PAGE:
A little over a year ago, a comprehensive peace agreement ended 22 years of war between northern and southern Sudan. The conflict drove more than four million people from their homes. The international community has pledged nearly five billion dollars over six years to rebuild the south – including the region’s agriculture, health and education sectors.
Today, The US Agency for International Development (USAID) is working with CARE and other partners to rehabilitate schools, establish non-formal education programs, and train teachers.
From Washington, reporter William Eagle has the story, as we wrap up our week-long series on southern Sudan.
Years of war have stalled the development of southern Sudan’s educational system: By the end of the conflict, only a couple dozen schools existed throughout the region – which is as large as France and Germany combined.
According to UNICEF, about 20 percent of the area’s eight million people are school aged children. Only a fraction of those are able to attend school, but only seven percent of the teachers in the south are minimally trained… and close to 90 percent of all women in the south are illiterate.
USAID’s Sudan Basic Education program is working to turn things around. The five-year, 25 million dollar effort is helping build 150 primary and three secondary schools in the 10 states of the south.
Inez Andrews is the team leader for the effort. She says the primary schools aim to reach about 60 thousand students with a traditional eight-year curriculum that includes English, math, science and Sudanese history.
“[They are ] traditional primary schools and the (southern) Sudanese themselves have written their own primary school curriculum….it’s in English. They teach in English..there are so many languages in south Sudan, it would be cost prohibitive to produce text books in every local language.”
Out-of-school youth and adult learners can take advantage of non-formal learning programs – including an accelerated learning program that reduces eight years of primary school into four. They can also benefit from radio-based courses for literacy and English language studies. Over 10 thousand students are enrolled in accelerated learning courses, with half of the students being women.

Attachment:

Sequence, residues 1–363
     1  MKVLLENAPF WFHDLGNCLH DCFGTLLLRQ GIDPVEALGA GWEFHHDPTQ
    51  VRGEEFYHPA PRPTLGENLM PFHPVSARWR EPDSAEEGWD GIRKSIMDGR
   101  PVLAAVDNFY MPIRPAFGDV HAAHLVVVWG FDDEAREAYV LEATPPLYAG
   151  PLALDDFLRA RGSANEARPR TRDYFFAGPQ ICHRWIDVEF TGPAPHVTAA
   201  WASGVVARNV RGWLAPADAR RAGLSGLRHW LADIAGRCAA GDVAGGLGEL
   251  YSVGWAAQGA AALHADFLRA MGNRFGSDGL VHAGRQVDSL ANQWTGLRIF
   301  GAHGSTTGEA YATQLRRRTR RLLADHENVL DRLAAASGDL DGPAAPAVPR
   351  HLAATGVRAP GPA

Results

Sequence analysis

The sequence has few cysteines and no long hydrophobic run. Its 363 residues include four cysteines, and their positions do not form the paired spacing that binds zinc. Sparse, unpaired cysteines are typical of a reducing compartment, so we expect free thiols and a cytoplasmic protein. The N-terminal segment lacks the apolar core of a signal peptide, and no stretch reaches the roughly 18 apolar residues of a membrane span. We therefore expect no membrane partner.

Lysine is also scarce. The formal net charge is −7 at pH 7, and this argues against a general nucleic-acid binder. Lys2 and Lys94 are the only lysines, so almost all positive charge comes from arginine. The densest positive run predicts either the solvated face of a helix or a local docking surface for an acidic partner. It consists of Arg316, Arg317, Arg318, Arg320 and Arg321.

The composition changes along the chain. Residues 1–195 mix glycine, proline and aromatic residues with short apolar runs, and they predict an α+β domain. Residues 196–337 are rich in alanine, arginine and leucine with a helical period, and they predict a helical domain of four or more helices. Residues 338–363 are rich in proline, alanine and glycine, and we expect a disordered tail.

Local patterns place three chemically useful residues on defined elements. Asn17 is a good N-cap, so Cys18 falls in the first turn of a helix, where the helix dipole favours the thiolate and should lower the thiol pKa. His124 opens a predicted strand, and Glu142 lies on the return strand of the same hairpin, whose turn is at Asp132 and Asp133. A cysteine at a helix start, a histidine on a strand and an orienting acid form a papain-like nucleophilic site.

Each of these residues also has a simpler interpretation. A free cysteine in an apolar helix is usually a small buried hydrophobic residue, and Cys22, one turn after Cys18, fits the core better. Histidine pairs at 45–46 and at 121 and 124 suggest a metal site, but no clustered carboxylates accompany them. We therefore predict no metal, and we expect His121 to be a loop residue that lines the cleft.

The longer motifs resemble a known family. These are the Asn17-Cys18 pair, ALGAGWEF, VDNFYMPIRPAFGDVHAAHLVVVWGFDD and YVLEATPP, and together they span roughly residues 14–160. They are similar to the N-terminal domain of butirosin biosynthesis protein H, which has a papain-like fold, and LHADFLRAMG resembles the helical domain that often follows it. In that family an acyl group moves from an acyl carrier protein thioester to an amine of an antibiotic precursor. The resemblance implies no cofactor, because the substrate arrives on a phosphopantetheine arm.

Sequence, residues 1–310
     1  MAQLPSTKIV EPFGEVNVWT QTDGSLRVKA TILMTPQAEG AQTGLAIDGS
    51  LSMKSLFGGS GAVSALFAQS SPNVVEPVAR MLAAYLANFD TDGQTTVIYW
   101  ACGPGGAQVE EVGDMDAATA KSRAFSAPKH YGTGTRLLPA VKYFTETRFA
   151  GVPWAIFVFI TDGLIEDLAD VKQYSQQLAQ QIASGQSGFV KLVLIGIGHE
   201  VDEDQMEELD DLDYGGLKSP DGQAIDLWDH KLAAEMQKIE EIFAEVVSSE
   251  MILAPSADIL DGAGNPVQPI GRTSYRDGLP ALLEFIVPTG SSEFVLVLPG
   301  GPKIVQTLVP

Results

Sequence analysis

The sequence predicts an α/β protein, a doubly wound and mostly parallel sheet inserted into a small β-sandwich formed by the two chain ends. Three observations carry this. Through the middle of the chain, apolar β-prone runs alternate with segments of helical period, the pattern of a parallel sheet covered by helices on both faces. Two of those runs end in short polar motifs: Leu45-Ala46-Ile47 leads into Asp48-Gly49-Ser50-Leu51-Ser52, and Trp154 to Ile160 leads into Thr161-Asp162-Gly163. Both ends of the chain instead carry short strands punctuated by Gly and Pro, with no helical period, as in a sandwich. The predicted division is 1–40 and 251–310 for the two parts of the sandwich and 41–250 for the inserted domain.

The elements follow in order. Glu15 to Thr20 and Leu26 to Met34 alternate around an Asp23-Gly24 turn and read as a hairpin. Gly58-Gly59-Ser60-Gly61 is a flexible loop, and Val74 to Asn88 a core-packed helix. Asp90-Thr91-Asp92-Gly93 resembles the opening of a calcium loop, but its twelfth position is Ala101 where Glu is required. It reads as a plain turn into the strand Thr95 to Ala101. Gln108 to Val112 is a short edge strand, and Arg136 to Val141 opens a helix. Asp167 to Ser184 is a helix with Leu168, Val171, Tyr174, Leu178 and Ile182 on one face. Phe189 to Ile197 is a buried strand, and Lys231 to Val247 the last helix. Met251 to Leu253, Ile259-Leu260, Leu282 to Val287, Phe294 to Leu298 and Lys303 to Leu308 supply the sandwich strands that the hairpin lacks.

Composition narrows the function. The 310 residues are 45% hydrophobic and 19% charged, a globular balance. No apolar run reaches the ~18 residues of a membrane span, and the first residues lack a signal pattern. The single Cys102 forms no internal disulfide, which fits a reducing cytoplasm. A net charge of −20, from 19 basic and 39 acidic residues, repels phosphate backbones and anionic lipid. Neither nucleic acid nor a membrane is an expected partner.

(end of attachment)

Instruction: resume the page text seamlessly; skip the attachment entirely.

“Girls and women make up a special part of USAID-support education programs. In Sudan, and much of Africa, girls, for cultural and economic reasons, often lack the opportunity to go to school.”
In southern Sudan, USAID has provided over 2,600 scholarships for girls and women in 34 institutions. The US government agency notes that’s a 14 percent increase in girls’ enrollment, and a reduction in the drop out rate from 11 percent to four percent where USAID scholarships are provided. The US government also funds 26 community girls’ schools with over 1,100 students. USAID also supports the distribution of “comfort kits” for women and girl students that include information on HIV/AIDS and sanitary pads that help prevent them from leaving school during menstruation.
The USAID effort has faced many challenges, Andrews says.
“Before we started, the only educational activities that were going on in south Sudan were implemented by NGOs, and they were doing their own programs. There was nothing unified.. They used curriculum from Kenya or Uganda, and they answered more to the donors than to officials since there was no government. There was no quality assurance or standards. Missionaries might be in there in different dioceses, but closer to the border – like along the upper Nile, there was little education if any going on.”
She says years of war also meant that few in the south had the skills to build schools, roads or other infrastructure.
The availability of qualified teachers has also been a challenge.
Ms. Andrews says there are only about seven thousand teachers, most of whom have only a second grade education. Thirty thousand teachers are needed:
“If you had a teacher who has finished high school, it would take two years, but we don’t have many people who have finished high school. So, we’re training them at the sixth, seventh and eighth grades to be teachers. We can get them in the classroom from the eighth grade, and then we can build their capacity and train them while they are in the classroom.”
So far, 600 students are enrolled in three teacher training institutes using curriculum and tutors developed and trained by USAID. Ms. Andrews says CD’s, tapes, and even satellite and computer technology will be used in the future to hasten teacher training. She says the effort aims to provide at least four thousand new teachers within two years.
USAID is also asking Sudanese in the diaspora to take part in strengthening the south’s education system:
“We have a data base that we’ve been working on in North America. It’s like a volunteer program to come back and teach for three months if they know some English – health workers and teachers are a big issue for us. This is new…we’re just piloting it with 150 health and education workers this year.”
Andrews says because of southern Sudan’s limited infrastructure and capacity, the volunteers may have to live in a tent. Despite the hardship, she says Sudanese living abroad are expressing their desire to return home and help out.
Southern Sudan’s own Ministry of Education and various NGO’s are working to quickly train new teachers. The government is also considering hiring instructors from Uganda and Kenya.
Andrews says at this point, the regional and local governments consider the USAID-backed programs as their own. In fact, the government of South Sudan is matching two dollars to every donor dollar contributed to the Multi Donor Trust Fund; in 2006, that amounts to approximately $150,000,000 toward building its educational system. The money comes from the region’s oil revenues.
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